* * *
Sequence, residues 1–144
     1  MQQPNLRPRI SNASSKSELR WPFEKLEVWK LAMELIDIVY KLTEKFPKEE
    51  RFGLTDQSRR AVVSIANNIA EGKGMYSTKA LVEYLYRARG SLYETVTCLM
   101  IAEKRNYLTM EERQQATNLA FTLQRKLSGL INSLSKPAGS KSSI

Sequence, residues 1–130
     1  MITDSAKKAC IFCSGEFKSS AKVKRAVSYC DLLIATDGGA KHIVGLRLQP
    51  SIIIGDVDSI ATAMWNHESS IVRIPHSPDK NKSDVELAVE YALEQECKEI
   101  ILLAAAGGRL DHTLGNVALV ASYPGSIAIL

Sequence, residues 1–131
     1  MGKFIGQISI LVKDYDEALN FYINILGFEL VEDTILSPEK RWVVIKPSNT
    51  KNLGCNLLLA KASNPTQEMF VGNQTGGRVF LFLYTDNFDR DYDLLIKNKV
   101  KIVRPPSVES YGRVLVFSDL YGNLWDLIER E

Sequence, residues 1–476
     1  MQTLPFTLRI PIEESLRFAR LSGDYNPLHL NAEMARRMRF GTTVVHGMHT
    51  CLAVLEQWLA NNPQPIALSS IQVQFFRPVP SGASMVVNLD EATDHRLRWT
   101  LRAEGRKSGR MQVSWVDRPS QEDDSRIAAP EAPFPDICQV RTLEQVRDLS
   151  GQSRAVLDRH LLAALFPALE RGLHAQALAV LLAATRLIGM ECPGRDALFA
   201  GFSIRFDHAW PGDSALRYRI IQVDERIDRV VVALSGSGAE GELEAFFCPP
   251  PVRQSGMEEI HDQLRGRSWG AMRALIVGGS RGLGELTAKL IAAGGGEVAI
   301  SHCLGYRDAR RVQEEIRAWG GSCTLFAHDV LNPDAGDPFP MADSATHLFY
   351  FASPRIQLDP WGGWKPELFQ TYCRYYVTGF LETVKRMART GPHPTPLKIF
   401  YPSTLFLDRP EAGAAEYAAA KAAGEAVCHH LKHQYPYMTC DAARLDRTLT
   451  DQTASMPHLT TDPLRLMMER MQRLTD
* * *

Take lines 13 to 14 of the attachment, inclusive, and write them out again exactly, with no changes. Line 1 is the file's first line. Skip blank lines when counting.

Sequence, residues 1–476
     1  MQTLPFTLRI PIEESLRFAR LSGDYNPLHL NAEMARRMRF GTTVVHGMHT